Bats and Echolocation

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"Bats and Echolocation"
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Bat is a generic term that refers to mammals that fly under their own power using wings. This separates them out from "flying" squirrels and sugar gliders. While there are just 43 species of gliders, there are over 1000+ species of bats. Most people never even notice the bats even though they may be out in high numbers, this is because bats are nocturnal and fly at night. Unlike their avian counterpart, owls, bats in general have very poor vision, thus the expression "blind as a bat". So how do bats manage to navigate in the dark!

Bats have extremely poor eyesight, but exceptionally good hearing and a very good set of lungs. They emit sounds and hear in the ultrasonic range. They produce several hundreds of those sounds a second and then the sounds bounce back when they hit something, the bat actually hears the bounce and, what is truly amazing, can tell where and what the object is. They can also remember the bounces over time and thus find their way home. This is referred to as echolocation. Especially amazing is that each bat recognizes only its own voice, and can totally ignore all others.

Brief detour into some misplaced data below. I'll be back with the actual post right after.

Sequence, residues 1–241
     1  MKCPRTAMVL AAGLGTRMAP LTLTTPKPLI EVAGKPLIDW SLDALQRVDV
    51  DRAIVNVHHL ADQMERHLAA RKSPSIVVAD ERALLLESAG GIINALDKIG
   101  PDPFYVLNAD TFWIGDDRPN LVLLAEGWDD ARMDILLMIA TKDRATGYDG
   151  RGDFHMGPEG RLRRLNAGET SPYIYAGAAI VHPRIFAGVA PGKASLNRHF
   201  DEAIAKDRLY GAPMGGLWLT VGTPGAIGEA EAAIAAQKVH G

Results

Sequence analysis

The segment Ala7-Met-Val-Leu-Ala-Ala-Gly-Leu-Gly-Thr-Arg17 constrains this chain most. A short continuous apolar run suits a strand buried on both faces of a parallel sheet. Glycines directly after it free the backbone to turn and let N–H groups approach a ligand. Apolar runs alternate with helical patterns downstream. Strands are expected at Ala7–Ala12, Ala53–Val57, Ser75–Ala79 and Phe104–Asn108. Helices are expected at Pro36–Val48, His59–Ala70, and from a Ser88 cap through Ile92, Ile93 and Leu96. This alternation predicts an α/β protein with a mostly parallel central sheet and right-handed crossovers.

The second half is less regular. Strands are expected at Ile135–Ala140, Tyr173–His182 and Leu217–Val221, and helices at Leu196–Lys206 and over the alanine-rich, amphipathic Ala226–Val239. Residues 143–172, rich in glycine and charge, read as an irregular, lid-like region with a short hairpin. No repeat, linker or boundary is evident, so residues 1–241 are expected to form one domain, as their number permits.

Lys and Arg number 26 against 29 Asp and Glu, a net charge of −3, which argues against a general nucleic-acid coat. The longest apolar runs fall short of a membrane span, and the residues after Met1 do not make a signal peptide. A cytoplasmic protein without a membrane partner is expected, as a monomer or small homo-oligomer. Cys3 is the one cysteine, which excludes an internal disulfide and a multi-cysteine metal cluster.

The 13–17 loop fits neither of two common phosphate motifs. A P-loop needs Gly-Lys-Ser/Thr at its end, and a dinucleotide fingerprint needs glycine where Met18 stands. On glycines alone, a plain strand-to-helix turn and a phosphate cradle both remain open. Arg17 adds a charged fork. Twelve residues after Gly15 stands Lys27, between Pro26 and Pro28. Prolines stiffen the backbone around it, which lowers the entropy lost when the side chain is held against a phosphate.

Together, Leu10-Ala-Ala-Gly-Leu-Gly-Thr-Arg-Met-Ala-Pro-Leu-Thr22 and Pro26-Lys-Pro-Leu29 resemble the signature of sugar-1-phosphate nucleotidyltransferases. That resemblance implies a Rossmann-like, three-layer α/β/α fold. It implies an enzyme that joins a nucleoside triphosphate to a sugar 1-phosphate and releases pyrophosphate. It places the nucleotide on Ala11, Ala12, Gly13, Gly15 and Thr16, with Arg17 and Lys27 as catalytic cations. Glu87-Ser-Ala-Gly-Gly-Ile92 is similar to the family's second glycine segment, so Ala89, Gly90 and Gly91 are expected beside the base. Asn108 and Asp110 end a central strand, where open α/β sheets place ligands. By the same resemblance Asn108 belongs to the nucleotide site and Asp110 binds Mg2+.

Inside a cave or tunnel, there can be over 1 million bats, and they will all leave in a matter of a few minutes after the sunsets, all shouting at the top of their lungs and each one knowing where it is in relationship to all others. Imagine placing just 100,000 people in a football stadium on a cloudy night with no lights and everybody blindfolded, screaming at the top of their voice and then being able to find the exits without running into anybody else. Bats do this all the time.

Not only can they navigate by bouncing the signals off trees, rocks and buildings, but they can navigate to find moving objects as well! Echolocation is how small insectivore bats locate mosquitoes, and one bat can find and eat thousands of bugs a night. There are even bats in the Caribbean that find small fish under the surface of the water using echolocation! The bats vocalisations and hearing can navigate them just about anywhere and through anything!

Echolocation does have one small problem that most never think about, bats can't navigate in the rain! All the raindrops bounce back their signals and they just have to stop and sit. This explains how bats sometimes get stranded in trees or bushes around golf courses, the sprinklers were turned on and they had to stop flying. At least it gives their vocal cords a break!

More about this author: James Johnson

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